So much of these stereotypes or misconceptions that people have about what healthy looks like is informed by diet culture. I think many of us, especially women of a particular age, have been impacted by the images and stories we’ve been fed our whole lives. What do you think are some of the most pressing things that diet culture has taught us that we most need to unlearn?
JJ: I think it always starts with the fact that your value is in how little space, as a woman, you take up and how much space in the right way, as a man, you should take up. I think it’s this idea that our value lies in a number on a scale, and that’s so preposterous.
I also think that you are commended for, quote, unquote, “discipline” in diet culture, which often revolves around starving yourself and leading yourself towards malnutrition and an impacted bone density, kidney dysfunction…There’s really no nuance to the diet industry. You are taught that as long as you look a certain size, that can qualify you as healthy, and you will be deemed a valuable and acceptable member of society.
It’s really scary and sad to watch because I’m on the other side of a 20-year battle with anorexia, and I can specifically link most of my most pressing and long-term health problems to that anorexia, to everything I did to maintain a body that I would not be judged for having. I’ve risked my life. I’ve damaged my life. I’ve almost certainly shortened my life because of everything that I did.
“I’ve risked my life. I’ve damaged my life. I’ve almost certainly shortened my life because of everything that I did.”
And that’s why I fight so hard to make people aware of the problems with a quick-fix diet. There’s no such thing as a quick-fix lifestyle change, because your body is not built to adapt to speed changes. So whether you’re trying to get bigger or smaller, you have to do these things slowly, gradually, sustainably, and with the guidance of a medical professional.
With your experience with anorexia in mind—or not!—I’m curious: How would you characterize your relationship with your body today?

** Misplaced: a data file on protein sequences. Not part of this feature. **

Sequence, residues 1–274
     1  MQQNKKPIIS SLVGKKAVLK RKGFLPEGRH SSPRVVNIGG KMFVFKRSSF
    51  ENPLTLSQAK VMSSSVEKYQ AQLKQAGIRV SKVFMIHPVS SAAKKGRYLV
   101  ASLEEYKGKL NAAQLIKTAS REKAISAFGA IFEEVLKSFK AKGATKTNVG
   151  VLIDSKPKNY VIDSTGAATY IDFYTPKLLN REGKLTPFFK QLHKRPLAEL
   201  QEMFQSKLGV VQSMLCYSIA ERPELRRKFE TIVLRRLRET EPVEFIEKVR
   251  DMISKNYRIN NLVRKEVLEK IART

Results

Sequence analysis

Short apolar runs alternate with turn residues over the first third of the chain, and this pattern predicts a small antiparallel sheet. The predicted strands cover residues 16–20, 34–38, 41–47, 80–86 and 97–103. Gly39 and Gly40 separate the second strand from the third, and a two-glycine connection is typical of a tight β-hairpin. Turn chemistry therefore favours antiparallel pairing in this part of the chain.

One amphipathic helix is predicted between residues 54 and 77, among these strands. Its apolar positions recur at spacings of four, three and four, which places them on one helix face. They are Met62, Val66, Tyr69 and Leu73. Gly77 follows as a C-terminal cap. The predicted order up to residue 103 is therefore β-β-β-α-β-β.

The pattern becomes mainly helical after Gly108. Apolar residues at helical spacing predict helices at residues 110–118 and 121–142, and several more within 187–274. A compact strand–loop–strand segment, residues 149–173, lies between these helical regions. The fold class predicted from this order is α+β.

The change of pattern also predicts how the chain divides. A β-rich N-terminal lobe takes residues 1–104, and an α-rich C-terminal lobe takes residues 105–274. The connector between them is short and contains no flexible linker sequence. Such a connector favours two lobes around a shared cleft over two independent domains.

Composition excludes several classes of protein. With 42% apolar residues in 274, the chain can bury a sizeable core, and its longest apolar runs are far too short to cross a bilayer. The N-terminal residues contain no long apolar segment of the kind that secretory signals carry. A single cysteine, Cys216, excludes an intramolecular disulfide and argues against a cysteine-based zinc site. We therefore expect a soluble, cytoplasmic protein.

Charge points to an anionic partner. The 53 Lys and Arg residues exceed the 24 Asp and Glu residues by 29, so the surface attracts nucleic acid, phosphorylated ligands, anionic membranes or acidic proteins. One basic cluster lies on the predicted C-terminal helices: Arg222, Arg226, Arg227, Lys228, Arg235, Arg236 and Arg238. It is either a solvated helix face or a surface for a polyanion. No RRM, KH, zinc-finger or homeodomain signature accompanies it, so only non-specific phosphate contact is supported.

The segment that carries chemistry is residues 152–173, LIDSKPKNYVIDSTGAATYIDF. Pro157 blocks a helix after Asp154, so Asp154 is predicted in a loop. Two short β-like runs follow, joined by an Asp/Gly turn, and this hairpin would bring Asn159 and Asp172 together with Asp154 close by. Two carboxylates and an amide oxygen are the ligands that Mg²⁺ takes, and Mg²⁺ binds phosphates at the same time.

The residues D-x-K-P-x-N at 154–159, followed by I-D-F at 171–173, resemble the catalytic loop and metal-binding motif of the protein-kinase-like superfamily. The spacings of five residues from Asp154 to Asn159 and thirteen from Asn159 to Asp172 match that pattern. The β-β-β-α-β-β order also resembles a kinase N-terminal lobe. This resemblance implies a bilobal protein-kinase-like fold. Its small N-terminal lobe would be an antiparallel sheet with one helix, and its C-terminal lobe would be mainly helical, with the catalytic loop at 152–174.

JJ: I’m in a really good place with my body now. It took a really long time to get there, and I did a lot of EMDR, which is eye movement desensitization and reprocessing therapy, to kind of reestablish my relationship with food and to try to work on body dysmorphia. I really didn’t think my body dysmorphia was ever going to go away but, I don’t know what’s happened in the last year, and maybe it’s the return of heroin chic, but it seems to have broken my brain in a way that has finally woken me up from this terrifying nightmare that I’ve been in since I was 11 years old. There’s the déjà vu of seeing that body standard come back in at any cost…and it seems to have cracked me, and I think I actually have gotten to a place of sanity.
It might be the best thing that’s ever happened to me, personally, because I look in the mirror and now can see my body, I think for the first time, as it is. And I don’t look at it with love and I don’t look at it with hatred. I’ve been practicing the act of body neutrality for a really long time, which means not really focusing on my body at all, trying to not have an opinion on it, just accepting it is there.
It is doing what it’s going to do. I’m nourishing my body appropriately, and this is what it looks like when I nourish my body appropriately. It’s getting me from A to B, and it took me to have sex last night and it’s going to take me to the fridge and then it’s going to take me to work later and it’s going to take me to make all of my dreams come true and to take me to see my friends and have amazing experiences. And so, it’s my car and I’m going to fuel my car appropriately…but I’m not going to judge the way that it looks. And I’m not going to hurt it in any way, because then it won’t be able to take me around to make all of my dreams come true.
The sentence that I saw on the internet last year that has continued to just sum all of this up is just: It’s not a dream body if it’s a nightmare to maintain.
Courtesy of Jameela Jamil
That’s where I’m genuinely at. I’m getting older, and my body’s changing and doesn’t look the way it did when I was 24, and I accept it. And well done to it for surviving everything I have put it through and all the hatred I have poured into [it]. The sentence that I saw on the internet last year that has continued to just sum all of this up is just: It’s not a dream body if it’s a nightmare to maintain. It’s the smartest thing I’ve seen anyone say on the internet, and I’m so sad to watch people start wasting their lives again over this nonsense, made-up ideal.
We’re seeing these different movements—like “body neutrality,” which you mentioned, and “body positivity”—gain momentum. Does any of this terminology resonate with you? Do you think terms like “body positivity” have the potential to do harm to some folks?
JJ: I think body positivity is an extraordinary movement. But also for some people, they felt pressured into body positivity and it led to this sort of toxic positivity that was almost, not more damaging, but it was damaging in its own way. It’s like, “Well, I can’t get to love.”